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Come in! There are a few adventures I’ve written about, but most of the content offers classes in photography and mentoring for photographers, including photo theory, which, although a vital part in our profession, is largely an overlooked subject in all published media that profits from and feeds our gadget minded mindset today.

Detail photos are great, but get the complete scene, too – A31

September 20 2009 - Photo Technical

Let’s pick up where we left off – I had been taking you through my photographic thinking process and using the April 16th Triton birthday bash as a resource for tips and information that can be helpful to you in taking your pictures.

I have gone through the preparation steps and at the closing of the last article mentioned that I begin, especially with most parties starting in the daylight hours, to take overviews of the location, or the establishing shots.

In time you may forget and friends you show your pictures to might ask “where was this?”  To me, it always makes looking at photos more complete and enjoyable, if I can get a sense of the overall location where photographs were taken.  It helps to create an atmosphere.

The daylight for the establishing shots obviously makes the entire scene much more visible and accessible.  With late afternoon sunlight still coming into the scene, blue sky and clouds still on the horizon, I am eager to try and keep these things visible and properly exposed.  This means ideally the camera shutter setting will be faster and the lens aperture (diaphragm) will be smaller, then it will be later when I loose the ambient light.

Nevertheless, with the late afternoon light there will also be heavy shading of people’s faces turned away from the sun’s light.  So I’m thinking I want to use some flash fill to open up, to see those shadowed areas.  In short, turn on and use your flash.

I’ve discussed in previous articles your flash, any flash is powerless directly against the sun, and is otherwise is unable to have much lighting effect on anything (in most cases) further than twenty feet from where you are shooting.

What this means is that when using the flash with the sunlight behind you, the flash will do nothing to add to the outcome of your photograph.  That’s O.K., you don’t gain, but neither have you messed anything up (outside of using battery power unnecessarily).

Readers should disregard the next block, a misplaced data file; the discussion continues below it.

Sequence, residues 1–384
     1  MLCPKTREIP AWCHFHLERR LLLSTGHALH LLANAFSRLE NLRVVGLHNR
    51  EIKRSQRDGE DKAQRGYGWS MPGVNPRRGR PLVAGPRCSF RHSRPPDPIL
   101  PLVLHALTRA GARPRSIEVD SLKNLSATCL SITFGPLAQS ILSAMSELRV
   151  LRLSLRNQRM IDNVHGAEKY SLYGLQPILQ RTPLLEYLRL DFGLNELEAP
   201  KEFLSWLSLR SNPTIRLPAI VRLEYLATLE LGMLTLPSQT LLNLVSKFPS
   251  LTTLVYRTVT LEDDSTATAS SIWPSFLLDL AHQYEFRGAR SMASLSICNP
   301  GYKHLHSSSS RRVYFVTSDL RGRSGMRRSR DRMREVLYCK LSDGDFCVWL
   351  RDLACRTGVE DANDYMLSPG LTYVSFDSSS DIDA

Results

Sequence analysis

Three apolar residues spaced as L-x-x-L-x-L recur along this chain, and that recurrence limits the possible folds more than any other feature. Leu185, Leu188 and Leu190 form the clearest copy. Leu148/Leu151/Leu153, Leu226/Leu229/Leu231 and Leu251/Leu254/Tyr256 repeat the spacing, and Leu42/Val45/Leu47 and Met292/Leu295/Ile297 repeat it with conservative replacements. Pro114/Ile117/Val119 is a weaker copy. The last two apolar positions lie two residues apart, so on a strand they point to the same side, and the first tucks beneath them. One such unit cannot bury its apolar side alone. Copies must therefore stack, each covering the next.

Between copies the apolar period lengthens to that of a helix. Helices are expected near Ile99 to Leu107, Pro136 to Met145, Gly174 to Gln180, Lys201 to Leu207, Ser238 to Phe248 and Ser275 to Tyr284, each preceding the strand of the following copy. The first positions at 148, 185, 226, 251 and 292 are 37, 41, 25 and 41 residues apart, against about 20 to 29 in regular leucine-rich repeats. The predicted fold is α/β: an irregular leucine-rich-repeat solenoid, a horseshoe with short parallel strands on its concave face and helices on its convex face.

If you are taking a shoot against the general direction of the incoming light the flash will be helpful in filling in the shadows of faces, possibly up to twenty feet of so.  It will certainly help to expose the features of faces closer to you.

Whether it is 5, 10, or 20 feet for the effective range of your flash depends on its overall power (technically called its Guide Number), and how the aperture (diaphragm) of the lens is set.  You know, if it’s f2.8 or f8; the former extends and the latter diminishes its range capabilities.

The shutter speed does not have an effect on flash usage, so long as you are at or below the camera sync speed.  With digital cameras today the camera will only fire (expose) at the sync speed or lower if you have your flash on, so life is easy and I do not have to go further into this.

All you really need to know is that it is safe and useful even in bright… especially in bright ambient light conditions, when photographing people or pets, to use the flash built into your camera or an auxiliary flash unit.

Finished with the establishing shots, continuing with use of the flash, I now spend the rest of the evening, with a few exceptions, just doing close up shots of couples or groups of people.

The best approach that I follow in taking people is to catch people off guard by being very fast…  A sort of “before they know what hit them approach.”  In this way I seem to catch people in a more natural state, less prepared and posed, and have fewer eyes closed results.

I quickly plan each shot, although you may be scratching your head on that one, because people are, were they are, and you have to take them like that.  Yes, it’s not elaborate planning, it’s quick planning.  Not only do I always look at the subject(s), but also always look at their backgrounds, and position myself accordingly, quickly a little left or right, up or down. I can (and so can you) anticipate where people are shifting, moving, going, and I will turn away to allow the natural course of events to occur without drawing attention to my camera, and then turn back again to quickly take the shot.

Look, you can do this with people; you can also do this with animals, your pets.  Even with scenic and travel shots, photography has a lot to do with a flow.  You end up with static-fixed images, but the right flow to getting them will give you exceptional results.  Naturally, the degree of commitment has a role, and personally I only photograph with a lot of it.

I thought there was more, before going into the after the pictures are taken phase.  If so I’ll get back to it next time.  From this article keep in mind you can always use flash, be aware, allow for natural staging, be quick, as this will go a long way to getting great shots of friends and your pets.  Now I’ll ask permission to come ashore…